Report Shows Increase In Hospital-Treated Dog Bites

Armen Hareyan's picture

Hospital-Treated Dog Bites

Minnesota Department of Health review of hospital records shows a 40 percent increase in hospital-treated dog bites between 1998 and 2005.

The largest growth was in the number of dog bites treated in emergency departments. The highest rates of both hospitalization and emergency department treatment occurred among children ages one to four years. In 75 percent of the instances, the victim was familiar with the dog(s) involved. The dog bites most often occurred in the home (48 percent) and yard (18 percent).


Hospital records used in the study seldom documented the breed of the dog. Professional journal articles cited in the report indicate that identifying a single breed as particularly dangerous can lead to a false sense of security about other breeds and does not fully address the complexity of the problem. In addition, a dog's tendency to bite is based on factors such as its early experiences, socialization, and the victim's behavior, as well as the dog's heredity.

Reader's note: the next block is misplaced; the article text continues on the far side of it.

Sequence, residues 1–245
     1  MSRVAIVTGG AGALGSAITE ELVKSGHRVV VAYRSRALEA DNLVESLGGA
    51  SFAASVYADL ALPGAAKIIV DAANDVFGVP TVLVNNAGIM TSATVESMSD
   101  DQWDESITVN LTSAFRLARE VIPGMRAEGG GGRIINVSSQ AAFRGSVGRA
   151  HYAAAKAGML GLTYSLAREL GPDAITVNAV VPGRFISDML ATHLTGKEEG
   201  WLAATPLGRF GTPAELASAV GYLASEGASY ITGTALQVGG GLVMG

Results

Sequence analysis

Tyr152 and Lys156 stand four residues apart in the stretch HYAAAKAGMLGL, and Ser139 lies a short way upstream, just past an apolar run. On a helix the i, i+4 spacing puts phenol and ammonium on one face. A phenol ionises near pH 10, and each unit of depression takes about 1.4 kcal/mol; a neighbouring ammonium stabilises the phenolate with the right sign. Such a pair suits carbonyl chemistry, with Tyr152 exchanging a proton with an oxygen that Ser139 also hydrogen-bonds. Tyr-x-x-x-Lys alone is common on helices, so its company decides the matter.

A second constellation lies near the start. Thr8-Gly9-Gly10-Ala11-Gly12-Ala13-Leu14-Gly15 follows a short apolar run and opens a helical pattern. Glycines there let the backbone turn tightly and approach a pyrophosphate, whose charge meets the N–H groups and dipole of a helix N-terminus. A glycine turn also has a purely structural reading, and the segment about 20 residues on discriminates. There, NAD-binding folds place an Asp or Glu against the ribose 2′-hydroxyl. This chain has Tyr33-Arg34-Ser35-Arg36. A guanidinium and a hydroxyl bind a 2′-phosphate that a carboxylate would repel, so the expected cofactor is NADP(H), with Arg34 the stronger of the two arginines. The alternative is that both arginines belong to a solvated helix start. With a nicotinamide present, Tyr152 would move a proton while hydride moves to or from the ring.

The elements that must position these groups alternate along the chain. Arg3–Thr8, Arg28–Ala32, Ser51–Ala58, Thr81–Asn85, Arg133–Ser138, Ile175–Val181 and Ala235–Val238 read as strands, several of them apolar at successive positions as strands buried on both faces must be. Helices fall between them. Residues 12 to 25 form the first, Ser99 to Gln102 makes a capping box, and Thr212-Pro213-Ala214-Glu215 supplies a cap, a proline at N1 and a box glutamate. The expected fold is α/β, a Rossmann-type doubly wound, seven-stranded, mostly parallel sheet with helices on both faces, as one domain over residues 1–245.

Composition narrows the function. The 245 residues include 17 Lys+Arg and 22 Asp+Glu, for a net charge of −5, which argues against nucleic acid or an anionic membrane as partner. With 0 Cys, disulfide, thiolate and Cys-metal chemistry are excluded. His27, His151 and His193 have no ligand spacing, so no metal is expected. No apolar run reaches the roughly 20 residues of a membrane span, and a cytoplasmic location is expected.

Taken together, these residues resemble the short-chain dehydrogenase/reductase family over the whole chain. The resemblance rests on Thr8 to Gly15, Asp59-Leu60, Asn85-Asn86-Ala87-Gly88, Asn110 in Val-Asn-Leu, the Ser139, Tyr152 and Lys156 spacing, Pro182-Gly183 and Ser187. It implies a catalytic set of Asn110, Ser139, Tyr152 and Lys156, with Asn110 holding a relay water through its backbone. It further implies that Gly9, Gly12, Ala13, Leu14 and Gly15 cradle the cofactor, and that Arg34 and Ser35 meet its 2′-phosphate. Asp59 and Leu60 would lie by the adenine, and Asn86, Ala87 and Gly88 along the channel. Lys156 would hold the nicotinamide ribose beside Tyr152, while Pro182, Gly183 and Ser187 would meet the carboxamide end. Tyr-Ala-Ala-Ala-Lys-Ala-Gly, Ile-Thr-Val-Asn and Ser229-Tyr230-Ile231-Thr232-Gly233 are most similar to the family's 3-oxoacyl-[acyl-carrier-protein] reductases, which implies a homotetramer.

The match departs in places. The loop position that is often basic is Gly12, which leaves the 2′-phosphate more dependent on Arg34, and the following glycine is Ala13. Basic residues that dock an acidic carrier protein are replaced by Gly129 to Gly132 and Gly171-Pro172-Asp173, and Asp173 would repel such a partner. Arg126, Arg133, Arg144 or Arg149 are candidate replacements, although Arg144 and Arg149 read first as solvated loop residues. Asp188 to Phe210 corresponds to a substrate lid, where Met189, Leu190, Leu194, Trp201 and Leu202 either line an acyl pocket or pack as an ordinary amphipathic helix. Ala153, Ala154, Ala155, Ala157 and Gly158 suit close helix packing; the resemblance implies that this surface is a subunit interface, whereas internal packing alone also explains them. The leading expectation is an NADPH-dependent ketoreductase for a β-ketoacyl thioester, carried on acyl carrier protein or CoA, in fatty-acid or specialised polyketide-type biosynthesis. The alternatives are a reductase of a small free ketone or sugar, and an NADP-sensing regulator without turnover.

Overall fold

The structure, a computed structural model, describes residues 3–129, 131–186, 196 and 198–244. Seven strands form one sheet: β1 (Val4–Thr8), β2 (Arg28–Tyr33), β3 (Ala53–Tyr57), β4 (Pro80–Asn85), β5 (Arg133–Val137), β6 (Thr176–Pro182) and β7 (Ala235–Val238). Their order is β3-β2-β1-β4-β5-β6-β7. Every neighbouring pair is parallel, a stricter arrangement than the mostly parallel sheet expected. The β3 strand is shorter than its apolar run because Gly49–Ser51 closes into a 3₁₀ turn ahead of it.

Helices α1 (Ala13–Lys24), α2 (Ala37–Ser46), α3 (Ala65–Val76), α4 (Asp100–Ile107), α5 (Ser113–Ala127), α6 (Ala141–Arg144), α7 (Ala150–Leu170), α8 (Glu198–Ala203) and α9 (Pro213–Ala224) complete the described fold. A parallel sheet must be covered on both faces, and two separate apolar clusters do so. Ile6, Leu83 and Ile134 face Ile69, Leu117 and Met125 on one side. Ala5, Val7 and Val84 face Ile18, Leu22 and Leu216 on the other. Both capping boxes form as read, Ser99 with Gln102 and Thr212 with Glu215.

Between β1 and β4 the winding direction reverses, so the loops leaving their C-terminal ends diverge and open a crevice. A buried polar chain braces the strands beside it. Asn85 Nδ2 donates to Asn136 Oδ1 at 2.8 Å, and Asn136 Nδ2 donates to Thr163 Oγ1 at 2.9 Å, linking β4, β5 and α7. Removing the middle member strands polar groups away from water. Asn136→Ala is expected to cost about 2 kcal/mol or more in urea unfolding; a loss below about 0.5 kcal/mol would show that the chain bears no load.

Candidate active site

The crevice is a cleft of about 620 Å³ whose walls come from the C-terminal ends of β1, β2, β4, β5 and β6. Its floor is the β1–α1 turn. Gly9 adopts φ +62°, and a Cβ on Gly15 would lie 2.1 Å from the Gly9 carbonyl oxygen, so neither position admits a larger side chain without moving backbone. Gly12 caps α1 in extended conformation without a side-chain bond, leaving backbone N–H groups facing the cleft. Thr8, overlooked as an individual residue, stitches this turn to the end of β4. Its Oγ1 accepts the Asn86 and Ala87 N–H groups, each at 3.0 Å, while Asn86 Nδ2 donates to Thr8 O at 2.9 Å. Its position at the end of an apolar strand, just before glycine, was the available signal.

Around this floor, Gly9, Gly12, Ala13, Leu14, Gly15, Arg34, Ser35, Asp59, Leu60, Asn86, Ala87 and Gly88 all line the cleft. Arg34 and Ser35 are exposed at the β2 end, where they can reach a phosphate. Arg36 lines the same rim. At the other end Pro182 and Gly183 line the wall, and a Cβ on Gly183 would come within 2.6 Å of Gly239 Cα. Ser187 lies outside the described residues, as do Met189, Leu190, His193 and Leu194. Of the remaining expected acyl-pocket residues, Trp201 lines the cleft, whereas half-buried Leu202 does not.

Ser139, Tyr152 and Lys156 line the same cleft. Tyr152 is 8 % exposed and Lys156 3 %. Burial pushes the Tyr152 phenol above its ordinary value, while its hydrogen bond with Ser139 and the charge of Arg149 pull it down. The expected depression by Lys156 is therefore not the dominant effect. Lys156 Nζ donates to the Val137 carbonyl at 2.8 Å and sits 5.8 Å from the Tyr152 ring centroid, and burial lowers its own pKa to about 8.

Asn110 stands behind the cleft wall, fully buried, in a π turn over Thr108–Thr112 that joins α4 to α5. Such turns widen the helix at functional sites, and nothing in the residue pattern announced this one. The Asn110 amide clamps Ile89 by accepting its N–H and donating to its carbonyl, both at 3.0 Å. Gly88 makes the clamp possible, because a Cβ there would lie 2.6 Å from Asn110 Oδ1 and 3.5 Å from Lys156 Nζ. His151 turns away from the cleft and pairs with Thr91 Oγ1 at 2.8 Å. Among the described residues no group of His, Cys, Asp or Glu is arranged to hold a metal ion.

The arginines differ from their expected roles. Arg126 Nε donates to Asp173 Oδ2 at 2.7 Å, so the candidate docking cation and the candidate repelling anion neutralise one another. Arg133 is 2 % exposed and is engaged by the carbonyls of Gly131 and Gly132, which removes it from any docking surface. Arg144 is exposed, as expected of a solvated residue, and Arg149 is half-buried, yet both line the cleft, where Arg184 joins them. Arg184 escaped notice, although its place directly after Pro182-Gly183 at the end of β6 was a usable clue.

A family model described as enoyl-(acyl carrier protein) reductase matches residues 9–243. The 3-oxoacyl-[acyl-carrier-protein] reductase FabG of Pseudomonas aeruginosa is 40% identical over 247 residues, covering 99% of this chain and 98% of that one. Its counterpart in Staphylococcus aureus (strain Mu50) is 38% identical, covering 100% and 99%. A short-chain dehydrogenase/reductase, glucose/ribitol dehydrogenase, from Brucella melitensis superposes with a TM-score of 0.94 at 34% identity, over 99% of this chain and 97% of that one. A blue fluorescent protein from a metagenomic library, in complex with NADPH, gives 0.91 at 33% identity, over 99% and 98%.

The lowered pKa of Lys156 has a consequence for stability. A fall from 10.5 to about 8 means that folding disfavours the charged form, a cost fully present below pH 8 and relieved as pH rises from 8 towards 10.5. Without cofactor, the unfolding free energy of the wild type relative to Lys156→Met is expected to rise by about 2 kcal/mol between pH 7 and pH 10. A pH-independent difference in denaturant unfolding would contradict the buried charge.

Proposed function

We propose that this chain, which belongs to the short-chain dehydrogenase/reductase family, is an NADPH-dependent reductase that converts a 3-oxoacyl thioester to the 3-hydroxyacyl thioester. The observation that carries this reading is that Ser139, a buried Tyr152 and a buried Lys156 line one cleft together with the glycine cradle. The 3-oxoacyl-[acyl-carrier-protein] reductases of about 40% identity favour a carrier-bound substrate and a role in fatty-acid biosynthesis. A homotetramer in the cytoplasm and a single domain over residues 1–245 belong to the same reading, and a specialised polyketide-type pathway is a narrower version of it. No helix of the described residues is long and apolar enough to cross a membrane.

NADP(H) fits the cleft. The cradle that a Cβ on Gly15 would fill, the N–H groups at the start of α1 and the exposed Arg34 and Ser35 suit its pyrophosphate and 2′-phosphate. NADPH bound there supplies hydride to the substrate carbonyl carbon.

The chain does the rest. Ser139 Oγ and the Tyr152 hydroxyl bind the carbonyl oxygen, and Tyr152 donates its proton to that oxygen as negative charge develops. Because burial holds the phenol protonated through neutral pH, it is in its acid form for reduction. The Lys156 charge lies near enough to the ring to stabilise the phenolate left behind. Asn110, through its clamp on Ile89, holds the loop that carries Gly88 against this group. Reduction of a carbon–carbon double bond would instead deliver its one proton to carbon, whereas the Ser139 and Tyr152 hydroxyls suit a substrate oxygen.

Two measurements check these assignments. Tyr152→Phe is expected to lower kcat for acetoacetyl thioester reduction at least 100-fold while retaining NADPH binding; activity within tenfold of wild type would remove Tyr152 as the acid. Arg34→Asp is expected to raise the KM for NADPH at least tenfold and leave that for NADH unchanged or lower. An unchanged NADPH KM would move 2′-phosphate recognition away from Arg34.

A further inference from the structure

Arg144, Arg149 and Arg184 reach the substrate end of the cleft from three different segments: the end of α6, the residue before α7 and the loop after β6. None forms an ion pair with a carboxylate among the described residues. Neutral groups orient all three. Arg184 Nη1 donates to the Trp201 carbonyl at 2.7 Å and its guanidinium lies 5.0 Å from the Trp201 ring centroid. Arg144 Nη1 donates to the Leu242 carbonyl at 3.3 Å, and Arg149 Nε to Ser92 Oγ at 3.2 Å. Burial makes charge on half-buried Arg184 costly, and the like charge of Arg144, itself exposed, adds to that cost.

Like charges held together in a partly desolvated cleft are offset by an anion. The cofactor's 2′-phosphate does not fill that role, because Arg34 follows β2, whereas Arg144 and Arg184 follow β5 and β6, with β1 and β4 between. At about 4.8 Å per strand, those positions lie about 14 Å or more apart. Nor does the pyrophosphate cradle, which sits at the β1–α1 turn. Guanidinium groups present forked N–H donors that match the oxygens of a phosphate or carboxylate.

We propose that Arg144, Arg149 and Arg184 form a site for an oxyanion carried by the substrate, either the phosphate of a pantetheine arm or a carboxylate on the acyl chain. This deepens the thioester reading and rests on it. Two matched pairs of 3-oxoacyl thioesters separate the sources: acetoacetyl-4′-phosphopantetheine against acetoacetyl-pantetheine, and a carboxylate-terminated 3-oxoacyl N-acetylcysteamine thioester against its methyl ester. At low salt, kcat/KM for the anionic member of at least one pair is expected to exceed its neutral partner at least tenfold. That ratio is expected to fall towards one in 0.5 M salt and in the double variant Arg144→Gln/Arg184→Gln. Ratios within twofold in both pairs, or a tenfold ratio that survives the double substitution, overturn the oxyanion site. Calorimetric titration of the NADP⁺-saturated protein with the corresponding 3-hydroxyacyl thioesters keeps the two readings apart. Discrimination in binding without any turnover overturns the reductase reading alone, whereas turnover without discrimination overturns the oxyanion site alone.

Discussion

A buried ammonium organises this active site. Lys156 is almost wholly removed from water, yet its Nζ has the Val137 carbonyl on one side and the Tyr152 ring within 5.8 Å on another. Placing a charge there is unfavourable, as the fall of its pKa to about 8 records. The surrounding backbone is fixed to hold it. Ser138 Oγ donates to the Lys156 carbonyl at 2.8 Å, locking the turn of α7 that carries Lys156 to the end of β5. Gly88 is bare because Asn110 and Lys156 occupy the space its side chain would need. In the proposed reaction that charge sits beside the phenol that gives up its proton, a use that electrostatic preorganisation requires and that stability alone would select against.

The report recommended that physicians, especially pediatricians and family physicians, counsel parents about the importance of supervising their children when they are around dogs and teaching them safe behaviors around animals.

The study also validates the importance and value of hospital discharge data for surveillance of hospital-treated dog bites.

The article was prepared by the MDH Injury and Violence Prevention Unit, which collects and interprets data on injury and violence; develops and evaluates prevention programs and policies; and provides tools, technical assistance, and information.